By: Lynne Hart
Whenever I visit one of the local nurseries, I am always overwhelmed by the variety of flowers, shrubs, and trees available to us. I am not a great gardener because my time for that task is limited, so I am always interested in plants that will grow easily with little intervention from me!
I have learned not to select plants simply based on the beauty of their blooms! There is so much more to consider. Beautiful exotic plants may draw me to them; however, they probably won’t be low maintenance or contribute to the health of the environment here in the Tennessee Valley. A question asked of me so often once I begin to speak is, “You aren’t from around here, are you?” This is a question we should also ask about the plants we are considering for our gardens.
A Native Plant is one that was not introduced into the area, but grows naturally in a particular region, state, ecosystem, or habitat and is well adapted to the climate and soil in the area. Native plants grow in community with other plant species providing habitat for wildlife, and have worked together to provide a positive impact on the local ecosystem.
Plants that have thrived right here are the ones that native birds and wildlife have come to depend on for food and shelter. These plants and animals have “grown up” together and depend on each other. When they are removed on a large scale, as often happens when land is cleared for construction, and replaced with “pretty” plants and shrubs that are not native, there is a disruption in the web of life. Wildlife that depend on these plants must then move to other areas or just don’t survive.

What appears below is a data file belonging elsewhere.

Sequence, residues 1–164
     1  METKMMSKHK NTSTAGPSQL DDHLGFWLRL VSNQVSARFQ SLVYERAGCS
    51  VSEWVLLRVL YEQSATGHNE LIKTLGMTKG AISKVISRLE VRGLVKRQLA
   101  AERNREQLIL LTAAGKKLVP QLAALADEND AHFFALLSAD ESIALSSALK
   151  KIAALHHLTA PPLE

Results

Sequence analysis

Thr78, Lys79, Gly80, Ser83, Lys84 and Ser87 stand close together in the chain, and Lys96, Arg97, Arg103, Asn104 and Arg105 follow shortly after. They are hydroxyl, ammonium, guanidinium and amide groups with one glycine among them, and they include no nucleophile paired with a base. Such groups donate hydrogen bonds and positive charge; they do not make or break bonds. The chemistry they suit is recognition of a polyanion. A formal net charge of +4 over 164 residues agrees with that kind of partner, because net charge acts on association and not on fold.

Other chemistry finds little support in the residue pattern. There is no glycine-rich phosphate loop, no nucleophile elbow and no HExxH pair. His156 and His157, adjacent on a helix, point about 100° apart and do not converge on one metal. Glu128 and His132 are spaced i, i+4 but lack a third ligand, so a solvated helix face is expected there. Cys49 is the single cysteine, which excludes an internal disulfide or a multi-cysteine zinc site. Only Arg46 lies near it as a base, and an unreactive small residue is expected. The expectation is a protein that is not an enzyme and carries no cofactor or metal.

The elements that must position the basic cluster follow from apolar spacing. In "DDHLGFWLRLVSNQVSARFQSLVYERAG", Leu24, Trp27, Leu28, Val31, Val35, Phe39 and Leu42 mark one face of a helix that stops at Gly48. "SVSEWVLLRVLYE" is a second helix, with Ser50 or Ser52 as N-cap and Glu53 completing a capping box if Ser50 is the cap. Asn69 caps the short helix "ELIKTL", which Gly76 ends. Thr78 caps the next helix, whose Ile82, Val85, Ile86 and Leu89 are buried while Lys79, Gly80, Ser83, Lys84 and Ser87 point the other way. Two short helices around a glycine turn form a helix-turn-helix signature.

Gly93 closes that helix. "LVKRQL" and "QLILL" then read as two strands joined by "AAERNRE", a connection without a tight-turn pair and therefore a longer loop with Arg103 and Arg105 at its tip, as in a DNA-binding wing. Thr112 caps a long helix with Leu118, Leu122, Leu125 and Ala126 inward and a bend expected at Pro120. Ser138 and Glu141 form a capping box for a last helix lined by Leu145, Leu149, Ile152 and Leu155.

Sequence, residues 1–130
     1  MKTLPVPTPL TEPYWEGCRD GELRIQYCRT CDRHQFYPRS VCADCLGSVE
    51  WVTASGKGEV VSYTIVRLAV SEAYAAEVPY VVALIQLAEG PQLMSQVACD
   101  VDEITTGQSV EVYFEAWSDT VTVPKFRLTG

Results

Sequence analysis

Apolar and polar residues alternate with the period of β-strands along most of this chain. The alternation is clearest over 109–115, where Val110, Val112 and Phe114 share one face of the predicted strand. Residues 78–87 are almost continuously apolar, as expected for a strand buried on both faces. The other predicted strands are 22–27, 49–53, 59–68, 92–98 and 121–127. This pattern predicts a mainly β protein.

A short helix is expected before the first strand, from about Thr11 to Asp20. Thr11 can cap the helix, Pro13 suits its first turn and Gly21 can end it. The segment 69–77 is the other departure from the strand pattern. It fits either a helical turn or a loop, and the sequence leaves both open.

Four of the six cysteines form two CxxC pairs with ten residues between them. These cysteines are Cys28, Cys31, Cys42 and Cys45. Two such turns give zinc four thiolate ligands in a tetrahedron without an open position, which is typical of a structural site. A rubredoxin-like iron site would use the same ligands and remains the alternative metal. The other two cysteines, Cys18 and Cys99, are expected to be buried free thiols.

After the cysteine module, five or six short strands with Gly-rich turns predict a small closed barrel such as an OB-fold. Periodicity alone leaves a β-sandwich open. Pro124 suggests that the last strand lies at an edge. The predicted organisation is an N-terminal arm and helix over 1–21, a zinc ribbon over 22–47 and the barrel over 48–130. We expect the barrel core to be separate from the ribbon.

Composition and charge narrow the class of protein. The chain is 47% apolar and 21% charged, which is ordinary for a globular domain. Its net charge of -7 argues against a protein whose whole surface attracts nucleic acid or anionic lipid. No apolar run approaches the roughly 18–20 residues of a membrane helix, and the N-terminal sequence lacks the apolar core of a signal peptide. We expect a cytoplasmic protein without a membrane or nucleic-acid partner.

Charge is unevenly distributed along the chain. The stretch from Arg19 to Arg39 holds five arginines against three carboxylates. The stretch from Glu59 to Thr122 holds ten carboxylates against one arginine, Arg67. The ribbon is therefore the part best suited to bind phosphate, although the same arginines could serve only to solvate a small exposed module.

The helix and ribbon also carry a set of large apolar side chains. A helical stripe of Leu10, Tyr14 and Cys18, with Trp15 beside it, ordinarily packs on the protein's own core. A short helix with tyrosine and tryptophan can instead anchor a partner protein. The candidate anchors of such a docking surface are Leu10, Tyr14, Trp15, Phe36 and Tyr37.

A Non-Native Plant is one that is introduced to an area in which it did not naturally evolve. Some of these plants may not have natural predators in the new location allowing them to grow unchecked. When this happens, they are considered invasive plant species.
Some examples of invasive plants in the Tennessee Valley are Kudzu, Chinese Privet, and Callery Pear. All are native to China and surrounding countries and were brought to the United States for a specific purpose. Often non-native plants are brought into a new location that does not offer the environmental checks and balances, such as seasonal weather, diseases, or insect pests that kept them under control in their native areas. When these plants “escape” and become established outside the controlled areas in which they were planted, they can grow unchecked and choke out native plants.
When selecting plants for your landscape, be sure to look for plants, trees, and shrubs native to your location. Local nurseries would be happy to help you. You may also contact your local Extension Office for help with selecting plants that will thrive in your garden conditions.
When choosing plants that work well together and are suited to this area, nature will be more in balance making your garden a welcoming habitat for local wildlife. Native plants and shrubs will provide seeds, nectar, and insects that will welcome native birds, butterflies, and other wildlife back into your yard.
You might event consider adding a “Welcome” sign to your garden!
By: Lynne Hart
Executive Coordinator – Keep Athens-Limestone Beautiful